(This article was first published on

**Jeromy Anglim's Blog: Psychology and Statistics**, and kindly contributed to R-bloggers)This post summarises some R modelling tips I picked up atAMPC2011.

I got some tips from a tutorial on parameter estimationput on by Scott Brownfrom the Newcastle Cognition Lab.The R code used in the tutorial is available directly hereor from the conference website.

The main tips I took from the tutorial were:

- Consider using BICas a model comparison criterion.
- When modelling reaction times, consider modelling data as a mixture model oftwo processes. One process is the main process of experimental interest andanother is a secondary process that otherwise contributes noise.The secondary process is used to capture what would otherwise be outliers thatflow, particularly, from very slow reaction times observed when participantsget distracted.Probability assigned to the two processescan be specified a priori based on knowledge of the experimental phenomena.In the specific example that Scott showed, the outlier process was given aprobability of 0.03 and this was treated as a uniform distribution between 0and the trial time-out time.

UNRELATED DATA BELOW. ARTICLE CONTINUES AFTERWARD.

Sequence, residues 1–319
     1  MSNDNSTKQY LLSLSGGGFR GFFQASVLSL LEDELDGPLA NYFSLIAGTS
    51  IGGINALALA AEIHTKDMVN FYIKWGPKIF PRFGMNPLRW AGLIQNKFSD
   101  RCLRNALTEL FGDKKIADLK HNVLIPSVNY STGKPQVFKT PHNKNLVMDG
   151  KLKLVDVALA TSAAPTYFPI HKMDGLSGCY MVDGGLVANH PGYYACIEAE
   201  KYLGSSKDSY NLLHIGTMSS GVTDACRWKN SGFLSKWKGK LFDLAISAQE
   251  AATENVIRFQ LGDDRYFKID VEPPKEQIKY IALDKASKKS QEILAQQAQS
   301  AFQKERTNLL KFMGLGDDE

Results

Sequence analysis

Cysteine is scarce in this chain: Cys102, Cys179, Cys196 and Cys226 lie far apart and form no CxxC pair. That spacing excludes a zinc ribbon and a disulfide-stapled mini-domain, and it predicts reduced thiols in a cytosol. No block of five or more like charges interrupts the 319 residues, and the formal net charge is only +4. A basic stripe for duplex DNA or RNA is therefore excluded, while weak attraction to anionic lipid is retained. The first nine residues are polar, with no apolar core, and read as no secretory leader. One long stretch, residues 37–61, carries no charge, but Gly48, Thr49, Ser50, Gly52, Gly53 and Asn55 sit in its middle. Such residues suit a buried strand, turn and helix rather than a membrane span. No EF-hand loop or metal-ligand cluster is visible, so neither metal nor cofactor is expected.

- Consider transformations model parameters for the purpose of estimation andthen converting the transformed parameters back to their original scale.This can facilitate estimation and also assist in enforcing psychologicallymeaningful constraints on parameter values (e.g., ensuring that asymptoticreaction time is greater than zero).
- The combination of the R function
`optim`

and a custom created objectivefunction, such as a minus log-likelihood function provides a powerful tool forparameter estimation of custom models.- Scott Brown’s tutorial includes an example ofthis.
- Ajay Shah has an exampleof writing a likelihood function and then getting a maximum likelihoodestimate using
`optim`

. - Benjamin Bolker has great material available on the web from his bookEcological Models and Data in R.PDFs, Rnw, and R code for early versions of the chapters are provided onthe website.Chapter 6 (likelihood and all that), 7 (the gory details of model fitting),and 8 (worked likelihood estimation examples).
- Brian Ripley has a set of slides on simulation and optimisation in R. In particular it provides a useful discussion of the various optimisationalgorithms available using
`optim`

.

- I also got the impression that it will soon be time to dive into WinBUGS.

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